Shadows @ Film FestsShadows: Arthouse Films ’03

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last update 5.Jul.03

back to the top COMANDANTE
castro and stone
dir-scr Oliver Stone
with Fidel Castro, Oliver Stone, Juanita Vera
release US Jan.03 Sundance; UK 3.Oct.03 • HBO 03/Spain 1h39 2˝ out of 5 stars
In February 2002 filmmaker Oliver Stone spent three days with Fidel Castro. From some 30 hours of tape he assembled this captivating documentary, an intimate portrait of the Cuban leader. Of course, this being Stone, it's also hugely slanted ... especially when we see Castro get away unchallenged with evasive and patently false answers to questions about such touchy issues as his approach to racism, torture, sexuality and drugs. But Castro emerges as a charming character--engaging, sincere and very intelligent. And a real politician with an expertise in the art of spin.
Stone includes a lot of archival footage as well, opening with a mock newsreel about the 1959 revolution that overthrew the Batista regime. Political conflicts form a large part of the film, as Castro reminisces about Kennedy, Khrushchev, Nixon, Gorbachev, Reagan and Bush II with a disarming openness. He also talks quite movingly about Che Guevara; and Stone can't resist including lots of footage of the freedom fighter and cultural icon, plus a few too many clips of Eva Peron (accompanied by the swelling strains of Don't Cry for Me Argentina)!
And while it's fascinating to get Castro's perspective on things like the Bay of Pigs invasion, the missile crisis, US intervention in Latin America and the Cold War, we can't help but feel that Stone is bending this documentary for his own personal interest. Castro is a bit too wonderful--art aficionado, passionate lover, international hero (sending troops to help Angola), improving the life of his dearly beloved populace. Yes, he also talks about regrets--Castro comes across as very realistic and self-aware. He also understands the situation in the USA much more sharply than we'd expect, astutely seeing how the American public are oblivious to the truth, accepting the lies of their government in the name of national (or now "homeland") security. This would all have a much stronger punch if it weren't for Stone's relentless one-sided editing. But at least the point is made. [PG themes] 18.Jun.03
back to the top DRAGONFLIES [Řyenstikker]
bonnevie and persbrandt
dir Marius Holst; scr Nikolaj Frobenius
with Maria Bonnevie, Kim Bodnia, Mikael Persbrandt, Tord Peterson, Thomas Skarpjordet, Willy Karlsson, Tintin Anderzon, Shanti Roney, Anastassios Soulis, Tida Wrange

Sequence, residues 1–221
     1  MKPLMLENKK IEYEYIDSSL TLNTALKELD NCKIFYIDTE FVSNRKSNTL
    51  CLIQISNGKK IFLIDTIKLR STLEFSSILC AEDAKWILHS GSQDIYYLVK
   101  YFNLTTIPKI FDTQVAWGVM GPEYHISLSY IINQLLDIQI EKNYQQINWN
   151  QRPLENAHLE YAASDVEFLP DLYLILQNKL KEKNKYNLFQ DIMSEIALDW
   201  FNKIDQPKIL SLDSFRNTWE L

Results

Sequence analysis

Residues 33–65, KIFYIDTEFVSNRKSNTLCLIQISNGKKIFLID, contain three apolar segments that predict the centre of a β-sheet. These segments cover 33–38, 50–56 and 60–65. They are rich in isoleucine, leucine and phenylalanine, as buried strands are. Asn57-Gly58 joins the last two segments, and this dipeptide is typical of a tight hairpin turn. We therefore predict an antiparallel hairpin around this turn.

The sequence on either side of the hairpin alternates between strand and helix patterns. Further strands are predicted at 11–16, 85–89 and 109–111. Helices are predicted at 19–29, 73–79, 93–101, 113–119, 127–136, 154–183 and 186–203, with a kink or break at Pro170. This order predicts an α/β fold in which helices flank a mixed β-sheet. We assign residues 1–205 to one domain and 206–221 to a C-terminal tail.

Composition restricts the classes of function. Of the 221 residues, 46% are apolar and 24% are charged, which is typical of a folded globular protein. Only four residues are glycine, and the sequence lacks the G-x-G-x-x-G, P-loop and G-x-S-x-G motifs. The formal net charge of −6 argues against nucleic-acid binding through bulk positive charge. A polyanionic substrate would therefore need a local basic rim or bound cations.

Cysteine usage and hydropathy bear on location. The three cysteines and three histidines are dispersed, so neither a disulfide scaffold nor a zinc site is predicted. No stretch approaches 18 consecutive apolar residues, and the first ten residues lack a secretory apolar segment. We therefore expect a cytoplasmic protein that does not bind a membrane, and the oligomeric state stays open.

release Norway Sep.01; UK 4.Jul.03 • 01/Norway 1h41 3˝ out of 5 stars
This creepy Norwegian thriller has a lot in common with the French film Harry He's Here to Help, but without the black comic vibe. It's set on a remote farm, where the middle-aged Eddie (Bodnia) lives with his young wife Maria (Bonnevie). They obviously are trying to put space between them and the world, and are enjoying their idyllic isolation. Then Eddie runs into his old friend Kullmann (Persbrandt), who not only dredges up Eddie's past but threatens the careful balance Eddie and Maria have. Kullmann wants Eddie to help resolve an old score. And he seems willing to do just about anything to get Eddie to help.
This is very clever filmmaking, quietly insinuating with lush rural landscapes and strongly gurgling emotions (not sure what the title means!). As Eddie and Maria are jolted out of their peaceful existence, the film takes on a frighteningly horrific feel; everyone is in jeopardy, from Eddie and Maria to the neighbour farmer (Peterson), a local mute boy and even (especially?) Maria's unborn child. As Kullmann begins to show his colours, we become less sure of what he's done in the past ... and what he's capable of doing now. Twists and turns keep us morbidly glued to the screen, while subtle references to their past life make us wonder what on earth happened five years earlier. All while the film maintains its cool, almost freakishly calm exterior. This is not an action film by any means! But it's deeply unsettling, simply because we see how relationships can come undone in such an unsuspected and shattering way. And also how they can survive an awful lot more than we think they can. [15 themes, language, nudity, grisliness] 23.Jun.03
dir Sophie Fiennes
with Noel Jones, Marvinetta Clay, Sherry Breaux, Carolyn Johnson-White, Jonathan T Grier, Alonzo Atkins, Masa Kohama
release release UK 4 Jul.03 • 02/UK 1h39 3 out of 5 stars
This unusually poetic documentary centres on the Greater Bethany Community Church (now called the City of Refuge) in South Central Los Angeles. British filmmaker Fiennes (sister of Ralph, Joseph and Martha) was captivated by the way this church reflects and builds up its neighbourhood ... and how it draws some 10,000 regular churchgoers! So she headed there with a camera crew and quite clearly came under the spell of the pastor, Noel Jones, a seriously powerful preacher who uses a thoughtful, logical approach to the gospel that not only touches peoples' hearts, but is relevant to their day-to-day life in the roughest part of L.A.